The Bolivian Oriente

 

Santa Cruz and Oriente

Santa Cruz is blessed with a temperate climate and generous people. Visitors are always impressed by the kindness of the people who have kept their traditional way of life alive. There are numerous attractions for visitors in the surrounding areas and in the city itself.

The town of Samaipata ("rest from altitude" in Quechua) is located 120 km from Santa Cruz. This archaeological site, also known as "the fortress", was one of the most advanced positions in the Inca empire and it was used to repel the frequent invasions made by the Guaraní Indians.

Amboró Park is a natural reserve of 637.000 hectares. Its plains are full of abundant flora and varied fauna. There are 820 species of classified birds and there are also mammals such as the Andean bear, the jaguar, the puma and diverse species of monkeys many of them unique in the world.

The Jesuit missions are located within a radius of 500 km from Santa Cruz. The region is well-known because this is where the Jesuit missionaries gathered the natives to convert them to Catholicism. The Jesuit missions of the Gran Chiquitanía, also known as the jewels of Baroque architecture, have been nominated by UNESCO for National Heritage listing.

 

 

CHE’S PATH

Count 3 or 4 days to retrace the steps of the Argentinean revolutionary and his guerilleros. “If you cringe every time something unjust happens in the world, then you and me are companions” —Ernesto “Che” Guevara.
In November 1995, the general of the Bolivian armed forces, Mario Vargas, gave a scoop to the New York Times: He knew the exact location where the remains of Che Guevara are buried. The most famous guerillero of history, may well have been found, supposedly buried under the landing strip of the village of Vallegrande. Media from all over the world run there… but nothing is found, no trace of the corpse.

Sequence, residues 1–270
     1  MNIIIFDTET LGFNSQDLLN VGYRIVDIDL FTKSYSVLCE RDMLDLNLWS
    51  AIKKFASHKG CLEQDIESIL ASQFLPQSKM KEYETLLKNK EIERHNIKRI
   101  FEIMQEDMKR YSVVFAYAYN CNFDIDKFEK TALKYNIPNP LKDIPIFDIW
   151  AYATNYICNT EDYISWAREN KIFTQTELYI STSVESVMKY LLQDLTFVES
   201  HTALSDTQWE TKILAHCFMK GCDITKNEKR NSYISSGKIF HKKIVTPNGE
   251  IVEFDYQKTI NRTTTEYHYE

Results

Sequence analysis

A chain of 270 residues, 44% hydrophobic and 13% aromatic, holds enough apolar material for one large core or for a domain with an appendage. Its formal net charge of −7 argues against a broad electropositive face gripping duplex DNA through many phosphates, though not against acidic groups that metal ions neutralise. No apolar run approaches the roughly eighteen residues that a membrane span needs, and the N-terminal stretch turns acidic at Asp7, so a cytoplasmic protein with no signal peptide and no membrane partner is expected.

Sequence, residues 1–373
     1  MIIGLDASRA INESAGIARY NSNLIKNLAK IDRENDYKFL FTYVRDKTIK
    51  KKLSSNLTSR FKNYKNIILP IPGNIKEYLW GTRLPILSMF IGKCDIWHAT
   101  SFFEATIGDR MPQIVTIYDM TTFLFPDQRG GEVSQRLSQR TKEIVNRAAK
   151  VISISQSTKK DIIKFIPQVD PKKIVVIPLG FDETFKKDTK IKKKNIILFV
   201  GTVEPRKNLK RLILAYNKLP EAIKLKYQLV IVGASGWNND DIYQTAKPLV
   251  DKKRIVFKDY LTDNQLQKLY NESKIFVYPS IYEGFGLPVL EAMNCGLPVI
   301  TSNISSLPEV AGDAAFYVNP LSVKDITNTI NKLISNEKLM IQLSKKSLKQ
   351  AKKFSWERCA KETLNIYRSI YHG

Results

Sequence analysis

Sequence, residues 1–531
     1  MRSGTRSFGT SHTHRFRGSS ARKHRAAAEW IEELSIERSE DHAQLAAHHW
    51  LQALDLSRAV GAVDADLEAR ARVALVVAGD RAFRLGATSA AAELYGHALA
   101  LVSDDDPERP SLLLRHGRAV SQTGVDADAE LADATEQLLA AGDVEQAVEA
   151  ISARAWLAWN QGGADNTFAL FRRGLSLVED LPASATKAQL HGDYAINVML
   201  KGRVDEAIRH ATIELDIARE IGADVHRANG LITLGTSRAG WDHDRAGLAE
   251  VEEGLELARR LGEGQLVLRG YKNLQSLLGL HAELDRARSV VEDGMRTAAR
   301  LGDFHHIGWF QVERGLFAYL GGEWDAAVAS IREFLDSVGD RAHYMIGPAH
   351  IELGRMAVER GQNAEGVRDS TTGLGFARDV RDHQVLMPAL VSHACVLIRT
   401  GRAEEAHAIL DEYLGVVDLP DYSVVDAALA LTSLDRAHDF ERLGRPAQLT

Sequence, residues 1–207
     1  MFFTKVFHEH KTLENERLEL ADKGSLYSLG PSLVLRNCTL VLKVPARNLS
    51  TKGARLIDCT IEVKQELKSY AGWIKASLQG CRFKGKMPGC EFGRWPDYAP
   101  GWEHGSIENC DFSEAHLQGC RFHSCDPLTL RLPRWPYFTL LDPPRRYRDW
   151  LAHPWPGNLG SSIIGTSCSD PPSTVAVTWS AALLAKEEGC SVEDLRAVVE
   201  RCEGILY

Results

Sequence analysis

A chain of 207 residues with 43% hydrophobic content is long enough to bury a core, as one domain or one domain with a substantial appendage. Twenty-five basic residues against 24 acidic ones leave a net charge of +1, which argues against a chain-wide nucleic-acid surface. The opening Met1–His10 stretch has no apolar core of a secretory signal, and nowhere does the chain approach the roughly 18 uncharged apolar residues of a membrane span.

Our general possibly wanted to gain international notoriety, and he surely succeeded! But he was not the only one. Between 1995 and 1997, several books dedicated to Che appeared on the market. Che became a myth, whether he wanted it or not, during his life, as well as for the 30 years following, to the thousands of unaccounted-for victims of oppositional military dictators. His assassination, October 8th 1967, marked the end of an era. A short time before May 1968 and the revolution of the Beatles, the death of the most peculiar South American since Bolivar Marti, announced the end of the idealism of the 60’s. Che wanted to see the birth of “the new man”, while he himself was already one.
The myth of Che, his commercialization and even his sanctification by the inhabitants of the Southeastern part of Bolivia, show that he was a remarkable human being. He was first and foremost a real revolutionary who wanted to change the world. He knew that it is here, in the New World, at the heart of the Andean and central-American community traditions, in the America of the Jesuit Missions and of the Mexican, Cuban and Bolivian revolutions that Utopia has maybe a better chance to become a reality. This explains his choice of Bolivia as a center of his revolution.





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